Unpredictabilities in Umno’s calculations

Kuik Cheng Kang, Sin Chew Daily

“if you have a travel plan for end of the year, go ahead, for the general election will not be held this year.”

That was a tip from someone close to PM Najib.

The new parliamentary session that will resume on Monday will be very crucial for the ruling coalition, and redelineation of constituencies will be the most potent weapon to seal BN’s victory in the coming election.

While those drawing up the rules of the game have to a certain extent commanded an absolute advantage, there are nevertheless unexpected factors that we should not overlook, as the redelineation may not keep pace with the changes taking place in voters’ hearts.

Ever since Dr Mahathir and Muhyiddin have leaned towards Pakatan Harapan, DAP has thrown in all the effort to create the illusion of a “Malay tsunami” in GE14.

A senior Umno minister recently told me, “Do you think we will do nothing about it?”

Indeed, for its own survival, Umno has already adopted or is preparing to adopt the following strategies in the wake of the onslaught.

1. Striking a deal with PAS

After PAS left the opposition pact and lost the support of DAP, the party learned to accept this reality, retreating instead to its east coast stronghold. Meanwhile, Umno has made it clear it has no intention of wrestling the states of Kelantan and Terengganu.

If the Islamist party were to win clean in the two east coast states and Umno were to make significant breakthroughs in west coast parliamentary seats, the winning formula will invariably be the creation of three- and multi-cornered fights.

Umno has been consistently employing the RUU355 bait and keeping mum over specific religious affairs including the Muslims-only launderette issue in a bid to warm the relationship it has forged with PAS. If not handled properly, this could as well give rise to excessively emboldened religious forces, undermining the nation’s foundation.

The royalty of Johor, Perlis, Selangor, Terengganu and Perak have recently voiced up against the radicals, and Umno feels that it is strategically necessary for such a break. That said, the incident has created some unwarranted tension in our multicultural society, and mishandling of it could lead to grave consequences.

2. Malay society in full blast of DAP

The high-profile “Malay tsunami” tactic of DAP/PH may backfire in the conservative Malay society. The rightists are concerned about political powers falling into the hands of the Chinese, and will therefore cast their votes in favor of BN even if they are somewhat unhappy with Umno too.

Almost 50 seats held by Umno have been won in Felda settlements. Thanks to the Felda scandal, Mahathir has led the Pakatan team to wage a full-blown war against Umno although the result is still uncertain.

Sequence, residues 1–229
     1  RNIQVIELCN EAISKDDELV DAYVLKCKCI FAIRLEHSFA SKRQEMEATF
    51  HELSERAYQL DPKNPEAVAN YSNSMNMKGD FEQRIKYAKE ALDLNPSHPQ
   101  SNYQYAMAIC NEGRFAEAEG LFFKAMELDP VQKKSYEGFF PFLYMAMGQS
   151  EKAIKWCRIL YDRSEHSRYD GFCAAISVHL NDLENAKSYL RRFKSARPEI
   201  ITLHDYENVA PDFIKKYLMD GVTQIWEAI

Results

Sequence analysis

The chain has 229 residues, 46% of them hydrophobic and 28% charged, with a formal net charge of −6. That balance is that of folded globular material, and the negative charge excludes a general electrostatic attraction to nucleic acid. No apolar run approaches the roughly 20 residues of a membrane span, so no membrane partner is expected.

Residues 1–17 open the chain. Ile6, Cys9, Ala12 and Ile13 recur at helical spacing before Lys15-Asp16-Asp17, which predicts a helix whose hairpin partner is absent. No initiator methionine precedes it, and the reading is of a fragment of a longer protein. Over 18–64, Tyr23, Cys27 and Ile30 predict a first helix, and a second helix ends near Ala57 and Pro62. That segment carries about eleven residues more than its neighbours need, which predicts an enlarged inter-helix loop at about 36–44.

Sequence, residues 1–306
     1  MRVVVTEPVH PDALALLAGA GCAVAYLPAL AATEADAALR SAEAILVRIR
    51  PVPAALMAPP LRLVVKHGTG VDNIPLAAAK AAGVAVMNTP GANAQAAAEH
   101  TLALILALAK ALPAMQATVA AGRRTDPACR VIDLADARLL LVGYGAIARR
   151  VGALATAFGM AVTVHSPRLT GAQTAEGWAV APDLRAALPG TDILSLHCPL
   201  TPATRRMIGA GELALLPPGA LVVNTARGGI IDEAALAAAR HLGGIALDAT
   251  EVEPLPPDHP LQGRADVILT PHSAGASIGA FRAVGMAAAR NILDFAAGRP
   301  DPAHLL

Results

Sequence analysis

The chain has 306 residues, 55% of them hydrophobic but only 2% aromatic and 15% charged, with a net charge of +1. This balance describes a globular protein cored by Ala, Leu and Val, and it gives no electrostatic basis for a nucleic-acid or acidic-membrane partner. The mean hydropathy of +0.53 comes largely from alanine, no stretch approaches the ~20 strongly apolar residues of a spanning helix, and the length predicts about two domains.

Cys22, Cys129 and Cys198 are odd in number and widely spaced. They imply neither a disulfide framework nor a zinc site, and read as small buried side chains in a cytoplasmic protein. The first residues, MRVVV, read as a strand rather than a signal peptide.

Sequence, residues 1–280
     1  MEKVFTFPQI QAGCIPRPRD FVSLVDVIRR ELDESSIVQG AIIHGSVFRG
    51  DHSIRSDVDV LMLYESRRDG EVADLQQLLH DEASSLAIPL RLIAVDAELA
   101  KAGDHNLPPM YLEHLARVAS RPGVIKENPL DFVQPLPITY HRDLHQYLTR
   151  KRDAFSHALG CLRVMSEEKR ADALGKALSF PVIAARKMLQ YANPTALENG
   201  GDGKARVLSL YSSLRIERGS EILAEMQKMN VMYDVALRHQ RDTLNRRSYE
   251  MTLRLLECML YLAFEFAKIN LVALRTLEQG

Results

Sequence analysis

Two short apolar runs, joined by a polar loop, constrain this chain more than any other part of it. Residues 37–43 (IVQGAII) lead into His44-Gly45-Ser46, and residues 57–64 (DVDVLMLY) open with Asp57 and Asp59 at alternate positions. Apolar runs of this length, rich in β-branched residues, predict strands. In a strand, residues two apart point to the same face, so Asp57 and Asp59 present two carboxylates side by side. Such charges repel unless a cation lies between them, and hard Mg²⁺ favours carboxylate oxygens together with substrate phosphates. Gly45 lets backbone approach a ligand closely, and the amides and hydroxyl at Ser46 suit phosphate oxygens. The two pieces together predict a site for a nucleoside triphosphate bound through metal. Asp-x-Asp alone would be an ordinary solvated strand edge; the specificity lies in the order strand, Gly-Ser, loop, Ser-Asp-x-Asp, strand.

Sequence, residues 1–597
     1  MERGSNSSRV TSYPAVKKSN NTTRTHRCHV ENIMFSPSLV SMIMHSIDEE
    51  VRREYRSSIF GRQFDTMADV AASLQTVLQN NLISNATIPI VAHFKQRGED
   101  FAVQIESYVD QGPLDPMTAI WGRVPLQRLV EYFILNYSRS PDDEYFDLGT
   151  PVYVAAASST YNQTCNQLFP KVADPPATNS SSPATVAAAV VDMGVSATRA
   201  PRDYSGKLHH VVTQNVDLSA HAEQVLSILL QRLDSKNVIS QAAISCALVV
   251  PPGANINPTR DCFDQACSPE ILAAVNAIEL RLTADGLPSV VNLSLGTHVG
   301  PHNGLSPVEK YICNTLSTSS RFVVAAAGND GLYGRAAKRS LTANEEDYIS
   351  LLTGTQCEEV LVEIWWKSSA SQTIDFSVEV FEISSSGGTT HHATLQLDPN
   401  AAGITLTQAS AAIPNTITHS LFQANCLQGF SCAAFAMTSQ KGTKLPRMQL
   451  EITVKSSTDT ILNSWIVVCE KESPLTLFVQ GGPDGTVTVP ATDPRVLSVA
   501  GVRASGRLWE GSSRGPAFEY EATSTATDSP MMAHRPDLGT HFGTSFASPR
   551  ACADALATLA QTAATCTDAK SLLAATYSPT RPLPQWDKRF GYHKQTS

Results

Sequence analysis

However, the alliance between DAP and Mahathir has disappointed the local Chinese community, and BN has estimated that at least 15% of Pakatan supporters will either cast spoilt votes or stay away from polling centers out of frustration.

Umno is going all out to blast Mahathir-Muhyiddin being exploited by DAP in an attempt to create a sense of community crisis among the Malays that the Chinese are taking over their power.

Again, whether this tactic will work depends on how much pressure the Malay society can take under the weight of rising cost of living. The Budget 2018 about to be unveiled by the PM is widely anticipated to include solutions to lessen the living pressure of Malays.

3. Redelineation of constituencies

This is the key to the ultimate triumph of BN, in particular Umno, in the coming general election. Under the redelineation exercise, seats that Umno won or lost by razor-thin margins will have significantly larger Malay populations to boost the party’s winning chances this time.

Large numbers of Chinese voters will be locked in in DAP strongholds, denying them of the possibility of playing kingmakers in mixed constituencies.

Any weapon is a double-edged sword, one that can hurt the enemy as well as oneself. The redelineation will have an impact on existing grassroots power structure and distribution of resources due to reshuffle in Umno divisions and branches. This will invariably hurt the vested interest of some leaders and may potentially drain away the votes in election.

Putting most Chinese voters in a score of constituencies may not work, and in the event the Malay tsunami does take form, the ruling coalition may still need a hand from Chinese voters.

4. Never giving up Chinese votes

Even though the government is well aware of the fact that recognizing UEC certificate and institutionalizing the construction of new SJKCs in predominantly Chinese areas will not guarantee a decisive return of Chinese voters to BN, Najib is still willing to fuflill the demands of MCA, Gerakan and SUPP.

In a recent closed door BN meeting on GE14, Najib urged Umno leaders not to advocate single stream education. We can see from here that Najib has not given up Chinese votes completely despite a setback in the last two elections.

Najib is now waiting for the right moment to dissolve the parliament, with bloated confidence.

But, no strategy is assured of its success. Money and power will only have shortlived effects and the long-term strategy is still to win over the hearts of voters through honoring the pledges made.

As for Chinese Malaysians, they need to analyze the political situation with a sober mind and positive mindset and not to allow themselves to be blindfolded by their own frustration and emotion in making the best decisions for the sake of our children.